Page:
That trip was epic.  I saw Warwick castle that year.  Traveled to my beloved Yorkshire.  And, saw London.  But, what I hadn’t counted upon is that solo people traveling in foreign countries who look like they’re having fun are a magnet for even more fun!  I’ve since traveled solo almost every year – enjoying each adventure as much as the last.

You meet more people traveling solo than you would if you had a travel partner.  If you’re outgoing and upbeat, you make new friends instantly! People appear out of the woodwork to chat or have a glass of wine.  People find out you’re from America and they want to talk about their trip to America or to ask what your part of America is like.  You become an Ambassador of sorts! 

Traveling solo means you don’t have to go to dusty museums if you don’t want to… you can go for a hike up a distant mountain or sit quietly by a placid lake in the Lake District.  Your itinerary is your own!
I’m a morning person, and there are very few travel partners who could keep up with that early to bed/early to rise philosophy on vacation.  I enjoy wandering empty streets.  Smelling warm bread baking for the day, watching market stalls being set up, and catching a sunrise over a churchyard. 

I don’t sleep well, so if I want to get up in the middle of the night, I’m not bothering anyone.  I just turn on a light, open a window, write in my journal, or read.  It’s up to me… I’m doing everything I want to do!  Who often gets a chance to do that?

There are pluses and minuses to being in a relationship.  I count this as one of the blessings.  To paraphrase Richard Bach, I’m not tying myself to the limits of someone else’s airplane!

I do make exceptions to traveling solo on rare occasion.  Last year, I didn’t know a country I was traveling to, so I spent a week on a guided tour to familiarize myself with the area.  I don’t typically recommend guided tours, but they are good for the more timid tourist, the elderly tourist who doesn’t want to mess with baggage handling for the duration of the trip, and for familiarizing yourself with unfamiliar places so you can tour unhindered the next time and have a general idea of the lay of the land.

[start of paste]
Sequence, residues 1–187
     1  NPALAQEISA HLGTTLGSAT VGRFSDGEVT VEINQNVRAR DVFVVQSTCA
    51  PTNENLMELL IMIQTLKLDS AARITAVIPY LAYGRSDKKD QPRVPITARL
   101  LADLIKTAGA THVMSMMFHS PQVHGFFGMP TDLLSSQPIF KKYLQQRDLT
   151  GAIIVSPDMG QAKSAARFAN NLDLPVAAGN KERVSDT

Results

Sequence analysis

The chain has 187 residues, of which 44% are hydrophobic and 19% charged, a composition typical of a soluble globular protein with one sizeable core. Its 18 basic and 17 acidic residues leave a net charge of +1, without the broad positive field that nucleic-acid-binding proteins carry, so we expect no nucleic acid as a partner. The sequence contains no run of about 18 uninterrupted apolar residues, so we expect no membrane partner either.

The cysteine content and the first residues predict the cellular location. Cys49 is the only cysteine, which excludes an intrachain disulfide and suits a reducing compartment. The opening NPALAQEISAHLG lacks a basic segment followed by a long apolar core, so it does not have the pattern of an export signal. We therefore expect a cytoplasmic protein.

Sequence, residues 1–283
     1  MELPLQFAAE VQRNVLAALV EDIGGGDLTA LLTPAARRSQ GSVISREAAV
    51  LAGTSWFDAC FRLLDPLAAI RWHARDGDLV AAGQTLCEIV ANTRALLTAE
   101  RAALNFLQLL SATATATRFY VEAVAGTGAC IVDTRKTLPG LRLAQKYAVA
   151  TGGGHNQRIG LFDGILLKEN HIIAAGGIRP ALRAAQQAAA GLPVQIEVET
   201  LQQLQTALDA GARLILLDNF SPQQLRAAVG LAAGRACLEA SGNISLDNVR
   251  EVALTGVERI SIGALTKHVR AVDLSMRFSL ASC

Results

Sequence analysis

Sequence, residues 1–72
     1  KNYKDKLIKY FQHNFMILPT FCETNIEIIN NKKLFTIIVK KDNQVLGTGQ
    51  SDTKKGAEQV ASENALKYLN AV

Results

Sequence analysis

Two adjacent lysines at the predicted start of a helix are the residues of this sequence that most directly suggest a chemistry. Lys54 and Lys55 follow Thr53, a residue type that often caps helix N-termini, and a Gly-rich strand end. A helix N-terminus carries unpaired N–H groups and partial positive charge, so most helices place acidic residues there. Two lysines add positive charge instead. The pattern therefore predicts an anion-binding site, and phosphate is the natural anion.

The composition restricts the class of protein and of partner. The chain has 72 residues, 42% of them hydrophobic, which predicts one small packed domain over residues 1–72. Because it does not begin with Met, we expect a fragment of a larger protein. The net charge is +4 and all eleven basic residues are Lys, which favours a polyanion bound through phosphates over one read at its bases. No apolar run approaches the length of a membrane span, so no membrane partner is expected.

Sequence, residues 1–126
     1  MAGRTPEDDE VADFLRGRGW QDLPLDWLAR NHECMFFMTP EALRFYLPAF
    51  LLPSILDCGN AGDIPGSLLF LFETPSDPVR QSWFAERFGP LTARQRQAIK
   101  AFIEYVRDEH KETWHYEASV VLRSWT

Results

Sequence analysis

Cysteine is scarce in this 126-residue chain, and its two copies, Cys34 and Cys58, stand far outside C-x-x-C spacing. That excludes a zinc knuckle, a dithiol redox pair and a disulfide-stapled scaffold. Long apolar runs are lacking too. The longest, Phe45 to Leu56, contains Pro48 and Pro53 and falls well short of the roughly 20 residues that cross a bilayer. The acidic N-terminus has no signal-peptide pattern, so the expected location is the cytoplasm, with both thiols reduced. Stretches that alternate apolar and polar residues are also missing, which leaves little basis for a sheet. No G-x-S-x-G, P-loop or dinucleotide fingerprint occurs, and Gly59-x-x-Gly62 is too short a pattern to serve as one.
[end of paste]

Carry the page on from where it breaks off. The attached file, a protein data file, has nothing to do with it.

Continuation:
Next year, I’m traveling with someone who I know will be exceptionally fun as a travel companion.  If you do choose a travel partner, there are some things you should ask yourself:
  •  Are we personally compatible or will they be a downer? Last year, a friend of mine met a lady from her travel meetup group who wanted to go with her to England.  The friend found herself tied to a dismal rock for two weeks!  Don’t be afraid to ask questions of your potential travel partner before saying yes to traveling with them.
  • Are their habits in tune with mine?  Do they smoke? Drink? Keep unusual hours?  I definitely need a morning person who doesn’t smoke or drink overly much.
  • What sorts of things do they want to do?  Are they the same things I want to do?  My travel partner suggested a “King Arthur” themed tour, and I hadn’t considered that before.  We’re going to be doing it!
  • Are they independent travelers or dependent travelers?  I love showing people places and things they may never have known existed.  I also know I need my personal space.  So, a travel partner who understands I need some “me” time now and then works well!
So, if someone wants to know my opinion about traveling solo vs. taking a travel partner, I have to say there are pluses and minuses to both.  I’ll probably continue to travel solo on those years a fun partner doesn’t land in my lap, but if one does… rest assured, we’ll be painting every town red!